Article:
Trigeminal Neuropathy

(Cranial nerve V)

Intra-axial (pons)

Infarction

Neoplastic Demyelination

Syringobulbia

Distal pontine dorsolateral infarction may cause ipsi-lateral facial anesthesia, because the lesion damages the entering and descending fibers of the fifth nerve

E.g., pontine glioma, metastases

E.g., multiple sclerosis; an attack of numbness of one side of the face in a young person, occasionally after local anesthesia for dental work, is quite a common symptom of multiple sclerosis

- Congenital, e.g., Chiari malformations

- Secondary, e.g., trauma, ischemic necrosis, high cervical intramedullary tumor

Cerebellopontine angle

Acoustic neurinoma

Meningioma Usually associated with bony hyperostosis and/or cal cification within the lesion

Ectodermal inclusions E.g., epidermoid, dermoid

Metastases

Trigeminal neurinoma

Aneurysm

Lesions at the petrous tip

Petrositis E.g., diffuse inflammation of the petrous bone from mastoiditis or middle ear infection. This causes severe ear pain and a combination of lesions in nerves VI, VII, VIII, and V, and is known as Gradenigo's syndrome Tsementzis, Differential Diagnosis in Neurology and Neurosurgery © 2000 Thieme All rights reserved. Usage subject to terms and conditions of license.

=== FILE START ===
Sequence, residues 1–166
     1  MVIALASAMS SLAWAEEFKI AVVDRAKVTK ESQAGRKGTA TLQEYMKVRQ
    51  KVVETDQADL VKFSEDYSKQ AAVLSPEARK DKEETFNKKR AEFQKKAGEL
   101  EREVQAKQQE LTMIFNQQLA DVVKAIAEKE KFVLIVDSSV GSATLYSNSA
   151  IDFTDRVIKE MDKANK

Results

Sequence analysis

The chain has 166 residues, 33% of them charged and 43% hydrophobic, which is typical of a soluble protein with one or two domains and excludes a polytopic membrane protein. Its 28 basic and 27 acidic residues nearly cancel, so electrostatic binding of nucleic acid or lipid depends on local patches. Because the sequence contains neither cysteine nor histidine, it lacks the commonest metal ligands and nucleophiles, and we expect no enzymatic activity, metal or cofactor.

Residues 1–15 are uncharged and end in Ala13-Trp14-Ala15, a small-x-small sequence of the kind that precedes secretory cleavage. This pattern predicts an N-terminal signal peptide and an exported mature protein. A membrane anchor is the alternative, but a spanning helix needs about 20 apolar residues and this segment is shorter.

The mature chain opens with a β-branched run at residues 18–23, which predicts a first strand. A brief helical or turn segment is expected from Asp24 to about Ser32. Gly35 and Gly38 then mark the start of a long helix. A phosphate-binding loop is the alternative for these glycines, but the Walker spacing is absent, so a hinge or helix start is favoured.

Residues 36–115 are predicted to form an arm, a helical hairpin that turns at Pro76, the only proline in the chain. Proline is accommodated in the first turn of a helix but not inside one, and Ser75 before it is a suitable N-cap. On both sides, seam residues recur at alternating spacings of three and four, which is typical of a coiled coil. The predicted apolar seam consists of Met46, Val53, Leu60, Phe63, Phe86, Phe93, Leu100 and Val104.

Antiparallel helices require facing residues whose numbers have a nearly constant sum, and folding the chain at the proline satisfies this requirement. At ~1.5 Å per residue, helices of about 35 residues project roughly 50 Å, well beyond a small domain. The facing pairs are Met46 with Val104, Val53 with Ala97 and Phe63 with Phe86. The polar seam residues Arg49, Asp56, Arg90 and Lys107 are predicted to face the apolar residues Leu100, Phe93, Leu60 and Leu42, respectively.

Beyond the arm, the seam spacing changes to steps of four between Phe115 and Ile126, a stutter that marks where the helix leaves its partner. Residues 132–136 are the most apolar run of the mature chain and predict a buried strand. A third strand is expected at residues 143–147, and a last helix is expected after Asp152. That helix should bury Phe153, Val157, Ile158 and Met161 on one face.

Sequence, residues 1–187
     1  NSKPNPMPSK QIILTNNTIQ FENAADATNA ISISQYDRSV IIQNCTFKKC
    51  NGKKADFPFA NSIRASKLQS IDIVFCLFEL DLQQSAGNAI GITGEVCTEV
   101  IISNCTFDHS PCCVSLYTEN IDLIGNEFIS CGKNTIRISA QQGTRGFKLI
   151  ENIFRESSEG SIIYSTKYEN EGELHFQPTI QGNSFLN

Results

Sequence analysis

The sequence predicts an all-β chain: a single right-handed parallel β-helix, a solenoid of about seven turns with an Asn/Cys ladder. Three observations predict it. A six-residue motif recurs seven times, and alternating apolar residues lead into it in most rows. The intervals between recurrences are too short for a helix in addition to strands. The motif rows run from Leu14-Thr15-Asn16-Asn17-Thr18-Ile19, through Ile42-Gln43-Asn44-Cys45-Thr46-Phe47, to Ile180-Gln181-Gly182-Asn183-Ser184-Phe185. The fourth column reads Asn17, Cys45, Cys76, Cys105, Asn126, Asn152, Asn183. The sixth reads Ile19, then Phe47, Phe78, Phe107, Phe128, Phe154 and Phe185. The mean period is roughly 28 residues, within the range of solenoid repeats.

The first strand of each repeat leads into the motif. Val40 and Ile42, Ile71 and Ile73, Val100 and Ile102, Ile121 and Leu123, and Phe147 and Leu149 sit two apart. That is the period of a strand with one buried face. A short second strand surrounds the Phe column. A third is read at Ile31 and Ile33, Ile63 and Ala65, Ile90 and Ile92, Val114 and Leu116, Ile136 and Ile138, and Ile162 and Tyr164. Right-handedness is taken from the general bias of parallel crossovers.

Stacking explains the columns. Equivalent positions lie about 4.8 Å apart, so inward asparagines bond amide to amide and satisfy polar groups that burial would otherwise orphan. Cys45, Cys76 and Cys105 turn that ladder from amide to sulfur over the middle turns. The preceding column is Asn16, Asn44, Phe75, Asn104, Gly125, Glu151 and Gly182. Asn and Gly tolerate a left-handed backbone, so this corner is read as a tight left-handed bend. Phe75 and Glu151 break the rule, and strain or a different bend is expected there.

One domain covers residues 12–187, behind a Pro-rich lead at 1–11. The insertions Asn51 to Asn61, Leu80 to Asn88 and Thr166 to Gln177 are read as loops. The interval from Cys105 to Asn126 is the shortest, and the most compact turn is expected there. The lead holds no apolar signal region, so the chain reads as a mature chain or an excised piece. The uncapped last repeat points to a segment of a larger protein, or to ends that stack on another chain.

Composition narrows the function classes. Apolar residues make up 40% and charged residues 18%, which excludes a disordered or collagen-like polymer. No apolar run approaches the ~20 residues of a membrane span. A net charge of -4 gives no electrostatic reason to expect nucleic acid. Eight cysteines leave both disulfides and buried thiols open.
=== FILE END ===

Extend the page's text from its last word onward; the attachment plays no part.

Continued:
Cavernous sinus/orbital fissure

Severe trauma

Metastatic carcinomas

Cavernous sinus thrombosis

Aneurysm

Tumors arising in the orbit and optic foramina

Miscellaneous

Diabetic vascular neuropathy

Trigeminal neuralgia Acute herpes zoster

Systemic lupus erythe-matosus

Scleroderma

Progressive systemic sclerosis

Sjögren's syndrome Amyloidosis

E.g., carcinomas of the nasopharynx or the paranasal sinuses

Dilatation of the intracavernous portion of the carotid artery at the posterior end of the sinus may irritate the ophthalmic division of the fifth nerve

E.g., meningioma 40%; hemangiomas 10%; pseudotumor 5%; glioma 5%; carcinoma of the lacrimal duct, neurofibroma, epidermoid, fibrous dysplasia of bone, sarcoma, melanoma, lipoma, Tolosa-Hunt syndrome, Hand-Schüller-Christian disease 40%

In the elderly, the virus has a predilection for the first division of the seventh nerve

Vasculitic trigeminal neuropathy

Isolated trigeminal neuropathy may be the presenting sign in 10% of patients with neurological manifestations of scleroderma and occurs in 4-5% of all patients with scleroderma

Fibrosis with nerve entrapment is the likely cause of trigeminal and other cranial neuropathies

Vasculitic trigeminal neuropathy

Peripheral neuropathy with involvement of the fifth cranial nerve

Arsenic neuropathy Peripheral and trigeminal neuropathy

Trigeminal sensory neuropathy

A slowly progressing unilateral or bilateral facial numbness or paresthesia, thought to be caused by vasculitis or fibrosis of the gasserian ganglion; most frequently leads to the diagnosis of an underlying connective tissue disease, e.g., Sjogren's syndrome, systemic lupus erythematosus, and dermatomyositis

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